Most landmarks have a story behind them and Alaska Eldred Rock Lighthouse is no exception. Actually, movies are made of this kind of story. This account begins circa February 1898, during the Alaskan gold rush. According to history of that time, a three-mast passenger ship named the Clara Nevada set sail from Skagway, Alaska.
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Less than 30 miles into the voyage, a hurricane force storm caught them. The storm prevented the ship’s crew from seeing the island of Eldred Rock, in the Lynn Canal. The ship struck Eldred Rock, mysteriously setting off the dynamite, and supposedly killing everyone aboard the Clara Nevada. The ship and gold it held sank to the bottom of the Lynn Canal and the gold was never found, despite many divers searching for it.
A Lighthouse is Approved
This disaster got the attention of the Lighthouse Board and approval for building a lighthouse on Eldred Rock was granted in 1905. The then referred to Eldred Rock light, the 10th lighthouse built in Alaska, was finished in 1906. It officially became the Eldred Rock Lighthouse and a member of the National Register of Historic Places in 1975. It is currently the oldest operating lighthouse in Alaska, though it became a minor lighthouse in 1973.
The lens used for this lighthouse was a Fresnel lens, which has two panels called bull’s-eye panels, one of which has a diameter of four feet. The smaller, opposite panel has only a fourteen-inch diameter. A pane of red glass was inserted between the light and the largest prism. This caused the rotating lens to generate alternating red and white flashes. This unique lens has been in the Alaska State Museum since 1976. The two-storied, octagonal lighthouse is larger than most and the octagonal light tower is centered in the roof. The top floor and the light tower are made of wood, while the bottom story of the building is made of concrete. This has allowed the Eldred Rock Lighthouse to remain serviceable for over a century.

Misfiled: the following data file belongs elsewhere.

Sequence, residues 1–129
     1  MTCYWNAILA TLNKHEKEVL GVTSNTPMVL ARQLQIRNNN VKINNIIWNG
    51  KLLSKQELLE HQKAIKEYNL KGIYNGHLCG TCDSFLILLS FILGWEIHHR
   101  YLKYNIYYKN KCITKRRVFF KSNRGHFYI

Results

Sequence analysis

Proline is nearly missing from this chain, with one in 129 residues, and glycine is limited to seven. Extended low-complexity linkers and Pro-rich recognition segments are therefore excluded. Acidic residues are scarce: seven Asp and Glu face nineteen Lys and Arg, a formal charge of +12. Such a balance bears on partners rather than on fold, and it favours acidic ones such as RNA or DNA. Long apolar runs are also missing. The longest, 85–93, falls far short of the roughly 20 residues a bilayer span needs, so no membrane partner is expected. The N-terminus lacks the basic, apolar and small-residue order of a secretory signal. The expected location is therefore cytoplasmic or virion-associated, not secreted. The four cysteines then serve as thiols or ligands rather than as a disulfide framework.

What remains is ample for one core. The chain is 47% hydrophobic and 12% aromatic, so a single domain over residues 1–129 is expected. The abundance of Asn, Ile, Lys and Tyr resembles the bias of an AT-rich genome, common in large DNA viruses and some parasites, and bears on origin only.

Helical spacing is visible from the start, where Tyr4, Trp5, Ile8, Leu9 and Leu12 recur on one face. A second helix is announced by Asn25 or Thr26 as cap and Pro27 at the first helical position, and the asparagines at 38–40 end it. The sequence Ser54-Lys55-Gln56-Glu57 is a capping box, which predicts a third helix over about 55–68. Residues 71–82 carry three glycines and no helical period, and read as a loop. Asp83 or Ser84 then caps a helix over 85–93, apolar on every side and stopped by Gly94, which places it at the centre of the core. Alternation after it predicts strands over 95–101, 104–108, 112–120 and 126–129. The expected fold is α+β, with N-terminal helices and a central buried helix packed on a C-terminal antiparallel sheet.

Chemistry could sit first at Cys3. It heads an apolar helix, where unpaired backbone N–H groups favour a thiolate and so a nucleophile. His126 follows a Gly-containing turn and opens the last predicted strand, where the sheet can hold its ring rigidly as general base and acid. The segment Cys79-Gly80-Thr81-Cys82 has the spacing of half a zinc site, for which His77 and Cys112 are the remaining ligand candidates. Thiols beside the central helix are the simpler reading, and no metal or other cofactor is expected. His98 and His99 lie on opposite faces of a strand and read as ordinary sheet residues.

The Second and Third Storm
On March 12, 1908, another storm hit Eldred Rock and delivered a real surprise from the depths of the Lynn Canal. The morning after this storm, one of the assistants to the lighthouse keeper, Mr. Currie, went outside to check for storm damages. Mr. Currie was shocked to see a stranded ship on the shore of the island’s north end. Closer inspection revealed this beached ship to be that of the Clara Nevada, almost ten years to the date of her ill fate. The storm regained its force and returned the ship to its previous grave that evening. On February 6, 1910, that same assistant, Mr. Currie, and a second assistant, Mr. Selander, shoved off in a launch belonging to the station, voyaging to Port Sherman, perhaps for supplies. The cold, snowy afternoon of the next day, the pair set out on a return voyage to Eldred Rock. They were never seen again, though the missing launch was found, intact, five days later. There were no reports of rough seas, winds or other problems in their area, other than an ebb tide, that could explain their disappearance. The lighthouse was automated in 1973, removing the human element from the Alaska Eldred Rock Lighthouse.